It was the second day of school for my cousins. One was in her sophomore year of high school and the other had just begun eighth grade. Neither were happy to be going back to school, but when they came home on that first day, they were all smiles. I think they were glad to be back into some sort of routine and it was nice to see all their friends again.
So on that second day, it occured me that we were indeed back into the swing of things. And when I say that, I mean homework.
The three of us were the only ones home and we sat in the living room talking. I asked how their days went. The older of the two said her day was fine, the younger described every minute of her day without missing one detail.
Then I asked about their homework. Being in upper middle school and high school, I assumed they had homework. Even if it was the second day of school.
They both nodded, the older explaining she had no idea what she had to do.
I took out her planner and read out loud what she wrote.
“English,” I said, “bring in writing portfolio.”
“Yeah, what’s that?” she asked.
I blinked at her. How did she not know what a writing portfolio was? Still, I explained it to her that it was like having samples of your writing. It was a folder of her previous work, I assumed essays she had written from her English class last year.
“I don’t have that.” she shrugged.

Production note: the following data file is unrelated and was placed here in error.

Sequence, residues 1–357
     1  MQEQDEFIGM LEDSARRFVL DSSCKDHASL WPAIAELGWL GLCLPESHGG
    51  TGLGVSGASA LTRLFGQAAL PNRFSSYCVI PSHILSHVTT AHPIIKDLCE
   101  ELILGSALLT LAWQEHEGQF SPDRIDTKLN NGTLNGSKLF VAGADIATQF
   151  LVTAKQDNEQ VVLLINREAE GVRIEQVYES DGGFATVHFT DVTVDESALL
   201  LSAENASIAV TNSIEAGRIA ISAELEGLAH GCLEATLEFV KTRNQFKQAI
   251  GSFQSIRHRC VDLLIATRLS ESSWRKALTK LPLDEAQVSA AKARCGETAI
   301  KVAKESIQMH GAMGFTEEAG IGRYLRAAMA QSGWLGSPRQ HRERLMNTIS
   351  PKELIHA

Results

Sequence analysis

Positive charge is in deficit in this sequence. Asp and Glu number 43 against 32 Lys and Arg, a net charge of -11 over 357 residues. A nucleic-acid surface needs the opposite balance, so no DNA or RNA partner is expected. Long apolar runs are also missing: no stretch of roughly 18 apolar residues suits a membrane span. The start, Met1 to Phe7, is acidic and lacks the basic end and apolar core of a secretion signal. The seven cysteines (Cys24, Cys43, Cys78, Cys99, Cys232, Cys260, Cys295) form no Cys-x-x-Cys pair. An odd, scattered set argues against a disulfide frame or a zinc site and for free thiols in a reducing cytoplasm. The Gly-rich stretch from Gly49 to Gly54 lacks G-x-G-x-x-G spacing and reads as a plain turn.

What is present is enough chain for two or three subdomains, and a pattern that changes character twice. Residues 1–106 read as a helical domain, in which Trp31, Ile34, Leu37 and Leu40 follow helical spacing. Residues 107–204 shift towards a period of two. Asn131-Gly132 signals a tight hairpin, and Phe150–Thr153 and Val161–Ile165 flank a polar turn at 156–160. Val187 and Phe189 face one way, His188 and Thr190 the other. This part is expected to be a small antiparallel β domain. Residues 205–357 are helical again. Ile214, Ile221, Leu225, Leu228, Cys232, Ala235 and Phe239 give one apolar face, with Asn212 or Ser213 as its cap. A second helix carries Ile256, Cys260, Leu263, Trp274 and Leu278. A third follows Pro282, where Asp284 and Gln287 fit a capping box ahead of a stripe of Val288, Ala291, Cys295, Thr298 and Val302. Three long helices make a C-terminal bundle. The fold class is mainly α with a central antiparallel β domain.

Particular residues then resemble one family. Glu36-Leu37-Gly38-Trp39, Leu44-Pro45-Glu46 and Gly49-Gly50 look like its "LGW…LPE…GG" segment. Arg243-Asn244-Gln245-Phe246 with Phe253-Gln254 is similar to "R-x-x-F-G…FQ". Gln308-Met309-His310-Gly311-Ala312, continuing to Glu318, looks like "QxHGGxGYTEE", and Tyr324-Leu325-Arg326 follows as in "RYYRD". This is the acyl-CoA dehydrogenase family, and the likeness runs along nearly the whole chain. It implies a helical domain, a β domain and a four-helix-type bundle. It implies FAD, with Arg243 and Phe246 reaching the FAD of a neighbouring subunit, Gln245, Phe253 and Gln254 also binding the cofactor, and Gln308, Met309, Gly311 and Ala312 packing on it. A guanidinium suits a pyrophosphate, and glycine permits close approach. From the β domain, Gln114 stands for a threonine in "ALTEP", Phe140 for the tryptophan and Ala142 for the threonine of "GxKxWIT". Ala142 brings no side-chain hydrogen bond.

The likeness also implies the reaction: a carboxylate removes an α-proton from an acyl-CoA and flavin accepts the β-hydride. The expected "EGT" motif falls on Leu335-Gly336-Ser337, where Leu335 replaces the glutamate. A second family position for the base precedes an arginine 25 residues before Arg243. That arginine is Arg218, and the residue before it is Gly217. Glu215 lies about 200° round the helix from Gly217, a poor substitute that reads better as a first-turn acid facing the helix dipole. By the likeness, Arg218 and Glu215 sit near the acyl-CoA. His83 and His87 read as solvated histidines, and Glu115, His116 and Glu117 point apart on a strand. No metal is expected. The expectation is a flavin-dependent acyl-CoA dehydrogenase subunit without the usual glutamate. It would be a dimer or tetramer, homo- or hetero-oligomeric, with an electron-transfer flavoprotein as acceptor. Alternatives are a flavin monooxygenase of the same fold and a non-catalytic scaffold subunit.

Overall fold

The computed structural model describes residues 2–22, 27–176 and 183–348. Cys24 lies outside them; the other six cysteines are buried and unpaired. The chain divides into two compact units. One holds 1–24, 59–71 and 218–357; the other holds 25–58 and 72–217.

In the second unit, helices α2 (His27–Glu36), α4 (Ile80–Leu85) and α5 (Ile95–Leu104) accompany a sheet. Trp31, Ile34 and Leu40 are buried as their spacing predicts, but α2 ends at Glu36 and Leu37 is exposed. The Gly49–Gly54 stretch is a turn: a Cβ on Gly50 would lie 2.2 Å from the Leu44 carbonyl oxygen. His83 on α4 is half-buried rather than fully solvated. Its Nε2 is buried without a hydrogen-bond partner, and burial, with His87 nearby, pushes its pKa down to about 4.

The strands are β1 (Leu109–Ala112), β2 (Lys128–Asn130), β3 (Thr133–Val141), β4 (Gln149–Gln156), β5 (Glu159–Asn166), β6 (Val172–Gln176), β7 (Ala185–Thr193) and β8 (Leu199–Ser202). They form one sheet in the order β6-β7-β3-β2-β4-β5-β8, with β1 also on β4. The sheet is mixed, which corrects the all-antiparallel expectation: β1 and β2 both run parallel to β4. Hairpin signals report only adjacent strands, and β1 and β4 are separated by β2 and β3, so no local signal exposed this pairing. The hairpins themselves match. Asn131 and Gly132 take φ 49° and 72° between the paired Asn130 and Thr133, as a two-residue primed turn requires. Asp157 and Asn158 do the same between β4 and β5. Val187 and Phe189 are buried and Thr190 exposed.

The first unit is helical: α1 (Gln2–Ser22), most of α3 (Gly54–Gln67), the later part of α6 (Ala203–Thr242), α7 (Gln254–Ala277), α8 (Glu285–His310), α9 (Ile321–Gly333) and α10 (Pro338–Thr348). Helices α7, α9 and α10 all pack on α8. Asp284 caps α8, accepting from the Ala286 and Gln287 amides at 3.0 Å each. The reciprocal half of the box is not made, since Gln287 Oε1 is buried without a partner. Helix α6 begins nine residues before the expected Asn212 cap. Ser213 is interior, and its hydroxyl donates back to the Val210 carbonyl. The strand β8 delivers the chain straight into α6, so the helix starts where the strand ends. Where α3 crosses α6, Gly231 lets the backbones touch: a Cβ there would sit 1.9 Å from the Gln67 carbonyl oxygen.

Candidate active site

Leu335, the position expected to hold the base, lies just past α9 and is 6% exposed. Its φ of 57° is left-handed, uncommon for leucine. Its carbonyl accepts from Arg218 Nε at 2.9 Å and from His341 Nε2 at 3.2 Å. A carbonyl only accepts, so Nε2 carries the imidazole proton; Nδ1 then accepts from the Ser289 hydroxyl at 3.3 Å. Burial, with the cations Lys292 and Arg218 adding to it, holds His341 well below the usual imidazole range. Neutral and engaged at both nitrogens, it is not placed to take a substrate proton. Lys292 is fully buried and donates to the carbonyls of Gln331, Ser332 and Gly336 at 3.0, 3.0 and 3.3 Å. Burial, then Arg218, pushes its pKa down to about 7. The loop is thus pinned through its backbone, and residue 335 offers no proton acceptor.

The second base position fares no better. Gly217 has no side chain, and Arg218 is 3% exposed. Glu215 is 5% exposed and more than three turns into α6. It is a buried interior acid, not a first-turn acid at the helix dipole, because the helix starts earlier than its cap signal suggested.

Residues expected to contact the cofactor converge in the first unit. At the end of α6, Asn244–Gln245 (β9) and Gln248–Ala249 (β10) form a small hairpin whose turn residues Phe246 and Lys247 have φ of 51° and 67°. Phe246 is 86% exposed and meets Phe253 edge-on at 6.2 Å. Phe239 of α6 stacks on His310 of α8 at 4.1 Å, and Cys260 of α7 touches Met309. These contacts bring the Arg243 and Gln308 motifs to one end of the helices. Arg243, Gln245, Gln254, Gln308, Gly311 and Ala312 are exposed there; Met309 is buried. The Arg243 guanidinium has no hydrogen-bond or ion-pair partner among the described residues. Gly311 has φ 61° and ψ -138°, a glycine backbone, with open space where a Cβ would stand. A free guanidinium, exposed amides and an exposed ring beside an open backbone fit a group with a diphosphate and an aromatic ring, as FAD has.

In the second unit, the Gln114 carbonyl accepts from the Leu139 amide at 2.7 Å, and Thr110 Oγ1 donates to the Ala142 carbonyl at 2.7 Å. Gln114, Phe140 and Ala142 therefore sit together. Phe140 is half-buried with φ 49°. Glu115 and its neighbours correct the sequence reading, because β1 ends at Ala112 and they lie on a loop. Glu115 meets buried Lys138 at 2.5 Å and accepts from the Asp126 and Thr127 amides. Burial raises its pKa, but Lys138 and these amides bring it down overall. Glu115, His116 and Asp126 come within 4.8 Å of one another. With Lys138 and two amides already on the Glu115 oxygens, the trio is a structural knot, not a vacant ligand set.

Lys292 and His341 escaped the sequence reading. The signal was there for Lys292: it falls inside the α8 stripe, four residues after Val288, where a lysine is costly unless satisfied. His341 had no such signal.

I didn’t know whether to agree or not. I was sure she had copies saved on the computer, but her teacher didn’t really expect the kids to keep an actual hard copy portfolio from the previous year?
“Well, what did your teacher say?” I asked.
“I don’t know.”
“What do you mean you don’t know…?”
“She might have explained it, but I don’t remember… Or maybe I wasn’t paying attention.”
This didn’t surprise me. I sighed and said, “Well, I guess you can just ask your teacher tomorrow.”
“But it was due today.”
I stared at her. I glanced at my other cousin, who sat in the armchair beside me. She was smirking, clearly enjoying that her sister was going to get a bad grade on the second day of school.
“Wait, it was due today, but you didn’t think to worry about this last night?” I asked.
“Well,” she continued, “my teacher must have said something about it yesterday and I just wasn’t paying attention. I only know about it now because kids were handing in thick folders with papers inside to her today.”
I sighed. “Okay then you’re just going to have to reprint everything you wrote last year and put it all together.”
“I don’t have that.”
“You have your laptop.”
“But I didn’t save anything.”
I cringed at this. How do you not save your homework? How can you write pages upon pages of essays and not bother to save any of it or at least print out an extra copy?
“I mean, the more stuff I save onto the computer the slower the computer will be.” she explained with a smile. A proud smile as though she had thought outside the box and solved the “slow computer” problem. The answer has clearly been right in front of us the whole time… So, stop saving your work onto the computer, everyone!
I had no idea what to say to her.
“Then go to your English teacher from last year and ask him if he has any copies.” I said. I knew that was a long shot, but it was the only thing I could think of to say.
“He already gave it to me.” she replied.
“Then what are we even talking about here…?”
“I think that’s how the other kids had their folders. Our teachers last year gave them to us at the end of the year.”
“Then where’s yours?”
“I asked Daddy to make a fire at the beginning of the summer and I burned all my schoolwork.”
At this, my other cousin burst out laughing. I was completely dumbfounded.
Thankfully, my mom walked through the front door. I stood up and said, “Tag. You’re it.”